BOLTON — Preliminary results of a study on Lake George show that Mohican Point, south of Bolton, experienced more algae production than anywhere else in the lake. It's not clear what the source of the algae growth is, but the study is the first step in helping researchers find out.
The algae collection was a part of The Jefferson Project, a water-quality monitoring and mapping effort carried out by Rensselaer Polytechnic Institute, The Fund for Lake George and IBM.
Rick Relyea, director of the project, updated the Lake George Park Commission on Tuesday about the study's results at the commission's meeting in Bolton Town Hall.
Many lakeshore property owners have noticed more and more green slime growing on their docks, their water intake pipes and on shoreline rocks. The algae is not the same as a harmful algal bloom, which is a floating photosynthetic bacteria that produces toxins and tends to look like green and blue spilled paint.
Editor’s note: This article is the first in an occasional series on harmful algal blooms affecting area water sources.
Still, excess algae growth could indicate a nutrient problem in Lake George.
The study took place in July and August. Lake residents who agreed to participate were given a tile to hang in the water off the end of their docks. A number of things grew or collected on the tile over the course of a month, including sediment, fungi, bacteria and a kind of algae called periphyton.
Brian Mattes, research specialist with the project, said in a phone call Tuesday that 55 tiles were distributed around the lake, and tiles that came back with a darker or stronger color had more algae and other things growing on them.
Relyea told commissioners Tuesday that initial results show Mohican Point tiles had 10 times more algae than the lakewide average. In August, the tiles had 30 times more algae than the lakewide average.
Catherine LaBombard, a park commissioner, asked Relyea whether septic systems were failing in the Mohican Point area, and if there was a way to determine what was causing the algae.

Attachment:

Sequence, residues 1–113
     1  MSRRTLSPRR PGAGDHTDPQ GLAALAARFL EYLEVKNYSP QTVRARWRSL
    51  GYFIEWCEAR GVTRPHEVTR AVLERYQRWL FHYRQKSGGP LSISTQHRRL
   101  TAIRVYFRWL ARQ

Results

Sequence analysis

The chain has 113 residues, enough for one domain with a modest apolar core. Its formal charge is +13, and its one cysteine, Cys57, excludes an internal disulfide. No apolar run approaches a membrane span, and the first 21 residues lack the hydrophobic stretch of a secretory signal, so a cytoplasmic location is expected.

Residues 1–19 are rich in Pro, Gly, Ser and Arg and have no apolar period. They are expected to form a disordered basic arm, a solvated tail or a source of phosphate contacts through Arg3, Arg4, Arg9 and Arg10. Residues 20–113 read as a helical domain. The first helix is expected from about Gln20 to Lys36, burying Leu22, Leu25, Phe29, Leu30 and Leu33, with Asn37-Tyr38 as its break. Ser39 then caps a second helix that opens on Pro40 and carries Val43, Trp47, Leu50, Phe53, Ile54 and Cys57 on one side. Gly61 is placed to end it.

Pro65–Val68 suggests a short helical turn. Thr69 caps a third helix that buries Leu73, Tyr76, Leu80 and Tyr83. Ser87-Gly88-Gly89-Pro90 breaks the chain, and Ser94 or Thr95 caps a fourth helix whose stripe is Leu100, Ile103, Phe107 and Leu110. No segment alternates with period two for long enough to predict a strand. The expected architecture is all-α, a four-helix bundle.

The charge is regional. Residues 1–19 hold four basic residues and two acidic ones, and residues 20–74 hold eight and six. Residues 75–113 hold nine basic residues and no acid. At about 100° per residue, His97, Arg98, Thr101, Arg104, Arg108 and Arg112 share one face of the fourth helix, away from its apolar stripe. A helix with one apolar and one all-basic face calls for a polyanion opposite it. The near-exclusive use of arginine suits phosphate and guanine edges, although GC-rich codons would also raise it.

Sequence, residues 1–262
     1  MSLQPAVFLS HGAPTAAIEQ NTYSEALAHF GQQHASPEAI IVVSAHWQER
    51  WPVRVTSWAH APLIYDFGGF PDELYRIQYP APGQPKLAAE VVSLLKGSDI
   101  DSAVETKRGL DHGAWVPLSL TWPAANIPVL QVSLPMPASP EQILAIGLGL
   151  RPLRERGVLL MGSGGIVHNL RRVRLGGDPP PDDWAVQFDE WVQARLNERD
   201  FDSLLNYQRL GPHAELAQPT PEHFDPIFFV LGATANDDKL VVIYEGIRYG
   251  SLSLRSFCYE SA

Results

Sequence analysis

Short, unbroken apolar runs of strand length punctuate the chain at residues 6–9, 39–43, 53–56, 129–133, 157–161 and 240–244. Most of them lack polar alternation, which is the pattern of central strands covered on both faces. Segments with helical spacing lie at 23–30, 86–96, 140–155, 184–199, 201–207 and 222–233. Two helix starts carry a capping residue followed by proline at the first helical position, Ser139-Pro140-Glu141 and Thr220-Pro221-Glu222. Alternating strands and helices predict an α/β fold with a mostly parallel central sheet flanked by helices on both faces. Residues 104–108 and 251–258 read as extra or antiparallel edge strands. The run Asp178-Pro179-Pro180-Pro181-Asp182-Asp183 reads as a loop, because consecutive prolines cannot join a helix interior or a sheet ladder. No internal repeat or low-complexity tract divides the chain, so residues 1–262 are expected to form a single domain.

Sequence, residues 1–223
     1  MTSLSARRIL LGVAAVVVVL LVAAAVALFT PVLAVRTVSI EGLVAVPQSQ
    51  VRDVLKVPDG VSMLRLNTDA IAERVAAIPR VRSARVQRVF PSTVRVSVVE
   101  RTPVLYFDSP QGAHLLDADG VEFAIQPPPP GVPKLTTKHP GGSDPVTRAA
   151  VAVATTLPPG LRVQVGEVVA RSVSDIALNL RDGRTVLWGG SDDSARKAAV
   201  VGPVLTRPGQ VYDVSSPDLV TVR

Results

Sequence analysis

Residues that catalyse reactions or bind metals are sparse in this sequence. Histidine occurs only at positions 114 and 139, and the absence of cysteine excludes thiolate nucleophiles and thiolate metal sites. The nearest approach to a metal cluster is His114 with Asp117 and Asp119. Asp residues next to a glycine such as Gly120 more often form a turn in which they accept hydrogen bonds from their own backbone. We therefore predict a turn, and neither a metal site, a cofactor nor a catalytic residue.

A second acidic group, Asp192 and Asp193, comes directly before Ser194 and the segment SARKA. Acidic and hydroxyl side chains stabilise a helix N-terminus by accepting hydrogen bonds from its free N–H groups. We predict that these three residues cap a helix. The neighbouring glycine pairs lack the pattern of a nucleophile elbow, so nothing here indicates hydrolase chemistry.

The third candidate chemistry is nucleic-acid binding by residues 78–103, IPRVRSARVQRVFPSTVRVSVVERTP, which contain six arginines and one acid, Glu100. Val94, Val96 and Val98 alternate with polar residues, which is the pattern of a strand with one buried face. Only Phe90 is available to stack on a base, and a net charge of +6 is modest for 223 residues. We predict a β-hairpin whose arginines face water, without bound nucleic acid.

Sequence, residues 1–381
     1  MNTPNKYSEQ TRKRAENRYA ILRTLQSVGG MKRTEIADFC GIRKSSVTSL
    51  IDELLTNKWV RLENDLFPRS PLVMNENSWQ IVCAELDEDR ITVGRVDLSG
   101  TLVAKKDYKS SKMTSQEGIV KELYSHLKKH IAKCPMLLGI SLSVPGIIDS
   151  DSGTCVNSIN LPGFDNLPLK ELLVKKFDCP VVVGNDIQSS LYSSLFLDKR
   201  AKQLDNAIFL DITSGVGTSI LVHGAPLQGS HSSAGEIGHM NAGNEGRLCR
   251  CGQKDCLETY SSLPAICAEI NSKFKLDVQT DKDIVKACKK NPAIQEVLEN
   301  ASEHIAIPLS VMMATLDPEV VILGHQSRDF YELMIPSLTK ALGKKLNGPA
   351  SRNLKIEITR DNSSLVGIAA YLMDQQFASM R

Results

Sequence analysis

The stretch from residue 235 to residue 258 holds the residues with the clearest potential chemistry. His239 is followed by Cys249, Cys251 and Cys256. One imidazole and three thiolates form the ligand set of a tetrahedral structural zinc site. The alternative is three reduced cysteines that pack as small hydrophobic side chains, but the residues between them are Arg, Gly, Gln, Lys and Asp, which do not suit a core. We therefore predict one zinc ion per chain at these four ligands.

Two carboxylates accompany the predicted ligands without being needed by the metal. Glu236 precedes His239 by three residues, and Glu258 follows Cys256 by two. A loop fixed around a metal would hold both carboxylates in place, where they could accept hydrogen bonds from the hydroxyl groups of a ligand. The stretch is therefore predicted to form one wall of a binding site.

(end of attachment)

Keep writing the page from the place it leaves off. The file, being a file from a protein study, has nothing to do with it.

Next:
"Where you see a hot spot is not necessarily the source," Relyea said.
The lake water circulates, Relyea said, so it's not clear where the nutrient source is. Nutrients like phosphorous and nitrogen could be coming from septic systems or other sources at Mohican Point, or they could be coming from elsewhere and settling in the area.
"It could be all sorts of things," Relyea said. "This is the first step."
Other areas that saw higher amounts of algae in July included Ticonderoga, Hulett's Landing and the western coast of the southern basin, according to The Jefferson Project's website.
In August, Hague also saw more algae on its tiles, as did the western coast of the southern basin.
Relyea said no tiles had been put out in the area of Lake George called "the Narrows," a more rural region that connects the north and south basins. Relyea said there are fewer landowners in that area, and none participated.
LaBombard said she was concerned that the nutrients generating the algae could lead to a harmful algal bloom on Lake George. Harmful algal blooms, or cyanobacteria, are naturally occurring in all water bodies, but to grow, they need nutrients to eat.
The hot spots around Mohican Point had LaBombard concerned a toxic bloom could show up.
"To me, it's just a matter of time," she said.
"Any lake should be worried about that," Relyea said.
To view the preliminary results of the algae survey, go to jeffersonproject.rpi.edu/survey.
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